We go over our "Book Boo Boos" poster and I talk to them about what will happen next (activity; check out).  They then work together on a sort about treating books "happy" or "sad" (based on the poster), and then color bookmarks to take home.  If we have time, they also cut them.  I created the Book Care Packet several years ago and put it up on TPT if you're interested.

Week Two:  A Perfectly Messed Up Story
Featuring:  A Perfectly Messed Up Story by Patrick McDonnell, vocabulary cards you can find free on TPT
I LOVE this book!  Even at this age, the kids get the humor in it although many want to touch the pages to make sure it's not real.  I always have a few who think I messed up the book as a lesson, but I tell them the author/illustrator made it that way to teach about how the characters feel about their stories being messed up.
As an activity for this one, students play a matching game with the vocabulary cards.  They have pictures on them of different parts of a book and library terms.  I like to use them because even though they're matching the pictures, at least they're being exposed to the words, right?  After, they are able to choose activities off a cart I have that I change over every once in a while that include things like puzzles, Hi Ho Cherry O (they love that), playdoh, Legos, other building blocks, Viewmasters, etc.

Week Three:  The Library Doors
Featuring:  The Library Doors by Toni Buzzeo
By now, it's a review for students and they're guessing the routine - welcome song, introduction, story, activity/check out.
For this lesson, we sing the "Wheels on the Bus" song together.  I then tell them I have a "musical" story for them and it uses the same tune but different words, all about the library!  I read it to them first, then we go back through and sing it together doing kind of an echo reading/singing.  If my voice is up for it, I'll sing it the first time (I do not have the greatest voice, but the kids don't complain!).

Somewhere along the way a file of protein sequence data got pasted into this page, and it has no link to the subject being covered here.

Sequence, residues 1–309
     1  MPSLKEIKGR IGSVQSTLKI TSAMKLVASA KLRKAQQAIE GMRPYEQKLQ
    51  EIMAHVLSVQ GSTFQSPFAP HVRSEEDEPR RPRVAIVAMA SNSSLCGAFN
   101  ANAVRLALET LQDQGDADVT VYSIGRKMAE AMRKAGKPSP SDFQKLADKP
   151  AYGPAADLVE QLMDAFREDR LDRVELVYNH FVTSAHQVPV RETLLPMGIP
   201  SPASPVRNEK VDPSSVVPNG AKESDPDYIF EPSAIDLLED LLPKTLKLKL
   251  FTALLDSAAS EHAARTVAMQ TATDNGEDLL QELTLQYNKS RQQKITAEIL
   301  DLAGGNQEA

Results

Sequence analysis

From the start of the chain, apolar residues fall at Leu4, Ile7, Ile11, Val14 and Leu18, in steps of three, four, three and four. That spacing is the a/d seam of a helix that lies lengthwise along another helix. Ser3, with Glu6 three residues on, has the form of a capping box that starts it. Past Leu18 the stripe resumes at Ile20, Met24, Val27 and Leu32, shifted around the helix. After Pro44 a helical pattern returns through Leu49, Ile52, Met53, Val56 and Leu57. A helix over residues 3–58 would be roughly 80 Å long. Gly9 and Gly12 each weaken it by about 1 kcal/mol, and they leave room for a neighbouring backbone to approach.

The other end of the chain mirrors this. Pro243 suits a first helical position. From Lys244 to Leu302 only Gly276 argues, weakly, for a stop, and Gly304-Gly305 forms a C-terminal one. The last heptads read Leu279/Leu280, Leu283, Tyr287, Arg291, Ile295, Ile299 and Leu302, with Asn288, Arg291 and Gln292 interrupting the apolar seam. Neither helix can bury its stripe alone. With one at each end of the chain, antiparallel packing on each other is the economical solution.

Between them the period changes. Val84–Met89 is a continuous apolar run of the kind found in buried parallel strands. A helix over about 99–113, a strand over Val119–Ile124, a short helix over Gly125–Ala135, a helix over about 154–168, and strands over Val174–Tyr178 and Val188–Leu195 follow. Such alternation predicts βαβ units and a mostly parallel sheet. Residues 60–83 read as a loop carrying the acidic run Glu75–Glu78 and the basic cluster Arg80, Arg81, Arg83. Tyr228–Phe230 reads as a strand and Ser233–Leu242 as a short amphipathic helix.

After, we head to our seats for our activity and checkout.  I also use the cart again this week, but I do explain to students that sometimes, we'll be doing other activities as well. 

Well, I hope you liked the first three weeks (our first unit) in Kindergarten.  I hope there's something you can use!  I'm off to pick up my son from graduation practice (ugh, how is he a senior and 18???) so next time, hopefully soon, I'll post our friendship unit - the second unit I did with K this past year - which honestly was sorely needed!  My plan is to share by grade levels what we did all year so hopefully by the end of the summer, if not before, I'll have K-5 done with maybe some PreK and Autism thrown in!

Sunday, May 5, 2019

Google Certified Training And a Few Surprises

So, wow, it's been almost a year since I last posted - no excuses, right?  I'm currently taking training to be a Level 1 and 2 Google Certified Teacher and when Blogger came up as one of the assignments, I was a little ashamed that I had to blow the dust off my Blog! 

Have you been certified as a teacher or trainer?  I honestly thought I knew a lot about Google - how to use everything with it - but whoah, it has surprised me how much I DIDN'T KNOW! 

So what have I done with some of this newfound knowledge?

Well, being the end of the year and our poor 3rd-5th graders testing (state mandated), I let them discover, as I had, the more playful side of  Google.  Have you ever played Google Mystery Animal?  It's a 20-questions format where students ask yes or no questions in order to guess the animal Google is thinking of.  Warning:  Google WILL get a little snarky if it doesn't quite understand you, so speak clearly!  The kids had a lot of fun with this (although some thought it was more fun to argue with Google and insult it).  Be careful though - you can't just guess "snake" you have to be more specific, like "rattlesnake."

Another fun Google game we played was Google Quick Draw.  Think Pictionary, but with a computerized voice shouting out guesses.  You have 20 seconds to draw what they suggest - anything from a golf club to asparagus (yeah, I had trouble with that one!).

It was a great way for my kids to destress and just show a fun side to something that they use all the time.

Oh, and the links were all in Google Classroom, so there's a plus too!  I'm a big fan of QR codes but when their chromebooks don't have the app added, it's good ol' GC to the rescue! 

Stay tuned to hear more of what I've been doing this year.  I've been okay with updating my Facebook page with events so if you haven't joined, feel free to look me up!